Normally, and not surprisingly, we see the world through a single frame of reference; our own. We apply our knowledge, experience, expectations and attitudes to the questions and situations that arise each day. This isn't an altogether bad thing. Many of our daily choices don't require a particularly high-level of creativity. Still, this reliance on one viewpoint can be an impediment when it comes to creative problem solving. As Seelig points out, our frame of reference serves to both inform and limit the way we think.
The technique of reframing reminds us that there are multiple perspectives to a to every question. Reframing can involve simply asking what the situation would look like from another individual's perspective. How would a child respond to this situation? What would it look like from a visitor's perspective? From a customer's? By assuming a different perspective we open ourselves up to interpretations and ideas that would have otherwise gone unnoticed.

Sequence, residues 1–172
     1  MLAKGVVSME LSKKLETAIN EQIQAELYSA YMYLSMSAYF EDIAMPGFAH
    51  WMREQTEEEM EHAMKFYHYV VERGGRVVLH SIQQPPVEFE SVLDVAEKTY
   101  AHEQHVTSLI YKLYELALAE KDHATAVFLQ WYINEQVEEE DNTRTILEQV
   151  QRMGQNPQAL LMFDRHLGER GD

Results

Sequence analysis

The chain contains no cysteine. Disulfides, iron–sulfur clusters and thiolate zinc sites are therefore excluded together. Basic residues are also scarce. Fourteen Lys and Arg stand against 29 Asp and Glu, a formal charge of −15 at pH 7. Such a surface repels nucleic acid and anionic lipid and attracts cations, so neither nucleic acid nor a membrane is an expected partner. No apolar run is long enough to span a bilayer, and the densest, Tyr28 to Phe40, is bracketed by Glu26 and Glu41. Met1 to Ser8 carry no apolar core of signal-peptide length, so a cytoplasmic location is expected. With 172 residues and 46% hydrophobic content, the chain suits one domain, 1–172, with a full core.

Asking questions that start with "what" and "why" is another great way to reframe situations. These questions help us to challenge our preconceived notions and look at potential alternatives. "What is the ultimate problem we're trying to solve?" "Why have we done it this way?" "What do we hope to accomplish?". These questions are open-ended. They don't presume an answer.
To illustrate the idea of reframing, Seelig cites a short film made by The Office of Charles and Ray Eames for IBM. The film, called Powers of Ten, opens with a lake shore picnic in Chicago. The camera pulls back (by factors of ten) to demonstrate the power of shifting perspectives. Once it reaches well beyond our galaxy, the camera zooms back to earth, moving inward and examining the sub-atomic world.
It's an interesting period piece, and also a great illustration of how reframing can change the way we look at our world.